The work on the preparation of the first manned space flight was difficult, since many tasks were solved for the first time. And in some issues, there was no complete understanding of how a person would behave in space flight.
Work on the creation of the space suit began in the spring of 1959. The spacesuit under development received the index "C-10". Several samples were made and submitted for testing. But in February 1960, OKB-1 decided to abandon the use of the spacesuit in the first space flight. And instead of the spacesuit, work began on the creation of a V-3 protective suit.
The decision to use the SC in space flight was returned only in August 1960. Through uncompromising persistence aviation doctors and physiologists. But the requirements for the suit and coolant have changed again.
Thus, Plant No. 918 (NPP Zvezda JSC) developed a space suit for Yu.A. Gagarin in less than eight months (in fact, six months). And many studies confirming certain characteristics of the spacesuit, ensuring the safety of the cosmonaut, without which human flight was impossible, were formalized by decisions and acts literally days before the launch of the Vostok-1 spacecraft.
The successful development of the SK-1 spacesuit in such a tight timeframe is due to the fact that it was created on the basis of the Vorkuta aviation spacesuit and the existing developments for the first version of the C-10 spacesuit, having undergone a number of changes to adapt to the new requirements set by OKB-1.
In particular, unlike Vorkuta, the SK-1 was equipped with an irreversible pressure helmet with double glazing and a system for automatically closing the glazing in the event of a drop in barometric pressure below 400–450 mm Hg. Art. (equivalent to an altitude of 5 km).
Structurally, the SK-1 was a classic soft-type spacesuit with an overpressure operating mode of 0,27 kgf / cm².
SK-1 had an inner (sealed) and outer (power) shell, on top of which an orange protective overalls were additionally worn, which facilitated the detection of the astronaut at the landing site and hid the general view of the spacesuit from Western special services.
A heat-protective suit was worn under the spacesuit (in fact, it was a B-3 heat-protective suit, which was originally supposed to be used without a spacesuit). It provided protection for the cosmonaut during an emergency splashdown. It had a forced ventilation system for the spacesuit. In addition, the suit was used in combination with parachute boots, necessary to reduce injuries when landing on a parachute.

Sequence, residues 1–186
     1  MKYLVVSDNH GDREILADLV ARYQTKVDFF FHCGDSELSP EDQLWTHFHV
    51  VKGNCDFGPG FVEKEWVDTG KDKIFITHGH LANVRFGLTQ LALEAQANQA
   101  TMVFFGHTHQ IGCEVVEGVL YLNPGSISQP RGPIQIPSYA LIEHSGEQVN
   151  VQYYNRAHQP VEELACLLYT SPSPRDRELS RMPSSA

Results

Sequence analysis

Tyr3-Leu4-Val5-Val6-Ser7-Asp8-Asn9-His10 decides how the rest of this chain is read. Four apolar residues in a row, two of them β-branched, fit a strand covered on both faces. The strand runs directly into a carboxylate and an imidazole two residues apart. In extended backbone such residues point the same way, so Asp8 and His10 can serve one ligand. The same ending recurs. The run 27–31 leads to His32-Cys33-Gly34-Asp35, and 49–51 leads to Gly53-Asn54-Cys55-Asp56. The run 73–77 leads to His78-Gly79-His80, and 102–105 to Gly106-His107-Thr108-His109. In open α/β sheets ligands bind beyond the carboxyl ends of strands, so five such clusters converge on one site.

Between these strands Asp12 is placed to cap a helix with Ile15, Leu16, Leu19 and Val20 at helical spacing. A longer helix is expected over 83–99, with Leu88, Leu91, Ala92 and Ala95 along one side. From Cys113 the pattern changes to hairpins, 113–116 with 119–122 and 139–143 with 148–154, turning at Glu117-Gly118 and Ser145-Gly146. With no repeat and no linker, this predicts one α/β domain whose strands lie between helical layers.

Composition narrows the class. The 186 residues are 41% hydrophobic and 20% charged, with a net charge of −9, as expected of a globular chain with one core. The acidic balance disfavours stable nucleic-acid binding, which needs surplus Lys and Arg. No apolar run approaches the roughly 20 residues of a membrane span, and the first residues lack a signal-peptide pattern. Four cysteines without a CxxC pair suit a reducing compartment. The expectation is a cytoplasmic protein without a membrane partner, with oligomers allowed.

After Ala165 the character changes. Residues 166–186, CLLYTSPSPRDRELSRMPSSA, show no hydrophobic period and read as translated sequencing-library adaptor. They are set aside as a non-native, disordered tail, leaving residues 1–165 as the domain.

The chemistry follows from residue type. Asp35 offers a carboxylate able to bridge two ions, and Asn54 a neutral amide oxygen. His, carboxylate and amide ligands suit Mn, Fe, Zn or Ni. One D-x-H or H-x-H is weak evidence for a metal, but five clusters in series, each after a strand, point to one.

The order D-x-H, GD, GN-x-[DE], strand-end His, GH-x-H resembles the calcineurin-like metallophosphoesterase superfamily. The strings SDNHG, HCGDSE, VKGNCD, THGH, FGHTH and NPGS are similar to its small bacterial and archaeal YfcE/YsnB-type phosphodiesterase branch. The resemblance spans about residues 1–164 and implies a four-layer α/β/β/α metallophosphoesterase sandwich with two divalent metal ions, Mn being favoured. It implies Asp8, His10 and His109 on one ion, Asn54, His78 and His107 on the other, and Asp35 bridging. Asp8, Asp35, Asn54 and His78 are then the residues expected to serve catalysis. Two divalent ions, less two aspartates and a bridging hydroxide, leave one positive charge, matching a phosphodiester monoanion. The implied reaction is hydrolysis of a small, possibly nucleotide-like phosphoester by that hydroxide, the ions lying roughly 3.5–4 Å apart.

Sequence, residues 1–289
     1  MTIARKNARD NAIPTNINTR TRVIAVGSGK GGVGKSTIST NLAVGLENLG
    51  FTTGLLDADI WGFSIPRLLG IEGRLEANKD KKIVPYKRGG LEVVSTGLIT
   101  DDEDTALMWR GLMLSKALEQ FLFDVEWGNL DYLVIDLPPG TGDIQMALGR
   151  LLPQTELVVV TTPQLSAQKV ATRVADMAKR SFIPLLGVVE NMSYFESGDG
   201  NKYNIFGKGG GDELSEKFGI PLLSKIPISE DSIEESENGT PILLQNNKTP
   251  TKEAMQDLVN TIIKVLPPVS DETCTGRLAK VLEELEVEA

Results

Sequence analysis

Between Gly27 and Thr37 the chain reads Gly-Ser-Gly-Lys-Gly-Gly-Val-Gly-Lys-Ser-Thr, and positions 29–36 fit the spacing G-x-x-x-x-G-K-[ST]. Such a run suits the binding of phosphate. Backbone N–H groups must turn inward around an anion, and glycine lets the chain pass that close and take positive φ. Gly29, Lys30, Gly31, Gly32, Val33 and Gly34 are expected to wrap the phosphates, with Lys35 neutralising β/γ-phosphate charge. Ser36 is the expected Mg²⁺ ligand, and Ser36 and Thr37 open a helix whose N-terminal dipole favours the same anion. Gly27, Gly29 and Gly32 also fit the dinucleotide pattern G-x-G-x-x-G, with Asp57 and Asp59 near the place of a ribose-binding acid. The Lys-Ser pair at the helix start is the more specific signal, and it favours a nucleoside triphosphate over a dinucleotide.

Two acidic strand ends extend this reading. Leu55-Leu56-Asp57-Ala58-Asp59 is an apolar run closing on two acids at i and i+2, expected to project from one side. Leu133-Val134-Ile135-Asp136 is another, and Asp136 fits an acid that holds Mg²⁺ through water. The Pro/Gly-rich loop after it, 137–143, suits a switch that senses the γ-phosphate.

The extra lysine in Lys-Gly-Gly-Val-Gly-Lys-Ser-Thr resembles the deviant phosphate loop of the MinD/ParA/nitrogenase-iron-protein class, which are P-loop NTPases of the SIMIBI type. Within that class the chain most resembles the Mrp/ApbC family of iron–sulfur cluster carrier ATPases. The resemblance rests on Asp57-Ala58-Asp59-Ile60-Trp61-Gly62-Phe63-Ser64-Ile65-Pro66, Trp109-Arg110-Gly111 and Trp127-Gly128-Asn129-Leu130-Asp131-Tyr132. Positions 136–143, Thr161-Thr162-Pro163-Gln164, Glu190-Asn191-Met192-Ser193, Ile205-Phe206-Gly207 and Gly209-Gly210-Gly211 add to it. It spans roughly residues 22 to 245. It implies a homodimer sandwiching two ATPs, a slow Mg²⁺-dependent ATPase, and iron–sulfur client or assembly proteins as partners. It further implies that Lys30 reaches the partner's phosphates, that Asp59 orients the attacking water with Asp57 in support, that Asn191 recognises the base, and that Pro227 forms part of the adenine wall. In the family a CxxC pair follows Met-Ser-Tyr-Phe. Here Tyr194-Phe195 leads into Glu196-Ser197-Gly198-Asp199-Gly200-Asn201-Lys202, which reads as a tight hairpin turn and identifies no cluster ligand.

The spacesuit provided the possibility of a space flight in the normal mode for up to 12 days and up to 5 hours when the spacecraft was depressurized in orbit. In the event of an accident during the descent from orbit, the autonomous coolant ensured the safety of the astronaut for 25 minutes. To fulfill natural needs during a long flight, the spacesuit had a so-called small appendix.
At the stage of standard ejection at an altitude of 8 km, the spacesuit provided oxygen supply to the cosmonaut until his descent to an altitude of 5 km. Then the suction of atmospheric air began.
In case of splashdown, the suit had a swimming gate filled with a can of carbon dioxide. A heat-protective suit provided protection for the astronaut from hypothermia in cold water for 12 hours.
The difference between the SK-1 spacesuit and the Vorkuta aviation SC was that sheet rubber was used as the containment. While in Vorkuta, porous rubber (neoprene) was used, which at the same time served as a heat-shielding layer.
The power system SK-1 used a steel cable running along the sides of the body from the armpits to the power belt. Adjustment of the cable (adjustment to the height of the astronaut) was carried out by tension using a special drum.
During the most dangerous sections of the flight (launching into orbit and entering the dense layers of the atmosphere), the spacesuit was hermetically closed. When flying in orbit, it was allowed to open the glazing of the pressure helmet and remove the gloves.
In the event of a sudden depressurization, the helmet glazing was lowered automatically. If at the time of the accident the cosmonaut did not have gloves, then their role was played by inflatable cuffs, which hermetically sealed the sleeves, isolating the bare hands. In this case, the cosmonaut had 1–2 minutes, during which he could have time to put on gloves before the hands swelled from vapor-gas emphysema so that it would be impossible to put on gloves.
The SK-1 spacesuits were used on the Vostok spacecraft. But (as experience gained in real space flights), modernization was constantly carried out for each subsequent flight.
In particular, on the basis of the SK-1 for Valentina Tereshkova, a “female” spacesuit “SK-2” was specially developed, adapted for female anthropometric features.
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